At Second City, having a blast is mandatory... and so is staying safe.
By Zachary Theodore Clemmins-Rouche, Activist, Social Critic, Gamer, Internet Personality, Frequent YouTube Commenter, Gentleman
Here we go again…
First it was Ghostbusters (more like Ball Busters), which had to come along and dress my childhood heroes up in pretty frilly dresses and have them prance around New York, squealing and giggling and busting ghosts with Cindi Lauper blasting the whole time. That’s what I’m rightfully assuming, as I will not debase myself to ever see that movie.
And now here comes Brie Larson to ruin my childhood memories of me having no childhood memories of a strong female role model.
So Brie Larson. (More like Kree Larson, as Captain Marvel received her powers when her genetic structure was altered due to the concussive blast of a psyche-magneton device made by the alien race called the Kree. Not that you would know that if you were a woman, unless you’re one of those girls pretending that you’re “so into comics” to get my affections and then acts all offended when I merely harass them.)
Let us address the elephant in the room: I am NOT sexist. I have many female friend zones. My problem isn’t that they’re women, it’s that they just have to FLAUNT it! Why should I have to be subjected to that, as an American? Can’t they just be women in the privacy of my own home? Why can’t they just be attractive side characters of no consequence so that I can continue to subconsciously/consciously see myself as above them--and thus more important and powerful--in order to avoid feeling uncomfortable with my own lack of self worth whilst simultaneously projecting those painful feelings onto them based on their perceived and media/entertainment reinforced weaknesses?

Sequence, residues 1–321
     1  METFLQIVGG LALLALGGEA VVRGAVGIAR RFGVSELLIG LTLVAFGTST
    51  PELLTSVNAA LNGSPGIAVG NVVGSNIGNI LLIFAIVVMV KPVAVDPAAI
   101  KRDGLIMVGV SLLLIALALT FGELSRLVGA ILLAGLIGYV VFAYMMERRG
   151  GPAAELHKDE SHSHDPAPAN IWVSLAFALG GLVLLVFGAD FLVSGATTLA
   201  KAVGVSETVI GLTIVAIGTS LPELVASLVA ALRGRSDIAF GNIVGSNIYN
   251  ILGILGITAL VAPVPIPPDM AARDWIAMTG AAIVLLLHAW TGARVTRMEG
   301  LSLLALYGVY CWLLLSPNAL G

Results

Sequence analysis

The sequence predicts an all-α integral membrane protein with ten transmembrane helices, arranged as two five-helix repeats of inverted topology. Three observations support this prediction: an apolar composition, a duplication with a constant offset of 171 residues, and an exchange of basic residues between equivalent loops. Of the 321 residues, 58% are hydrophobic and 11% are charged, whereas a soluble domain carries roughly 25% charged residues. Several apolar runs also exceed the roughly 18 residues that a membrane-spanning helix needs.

I’ll tell you why. Because for a woman, it’s NEVER enough!
I mean really, I just don’t get it. I’m a nice guy! And doesn’t being nice entitle me to the love and affection of women? Especially if I’m her manager! I mean, how many nice managers have you met? It’s not like being nice is the bare minimum expected of decent people or anything.
Seriously, I’ve tried everything! I gave her my number within the first five minutes of meeting her while she was interviewing for the job, which shows initiative. I repeatedly compliment her on her physical attributes while she’s working register. I never pressure her with questions about who she is or what her interests are. I even pay her less than her male colleagues so she doesn’t feel like she has to work so hard! Oh and, of course, negging.
Anyways, I’ve made my case pretty clear and iron clad. I really don’t see how anyone can still read this and think that strong female role models are so important.
Peter Kremidas is a graduate of The Second City Conservatory, The Severn Darden Graduate program where he performed with Bluff, The School at Steppenwolf, iO, and The Annoyance. His one man show Roots and Branches: An Untrue Story Based on Several True Ones premieres September 8th at The Public House Theatre.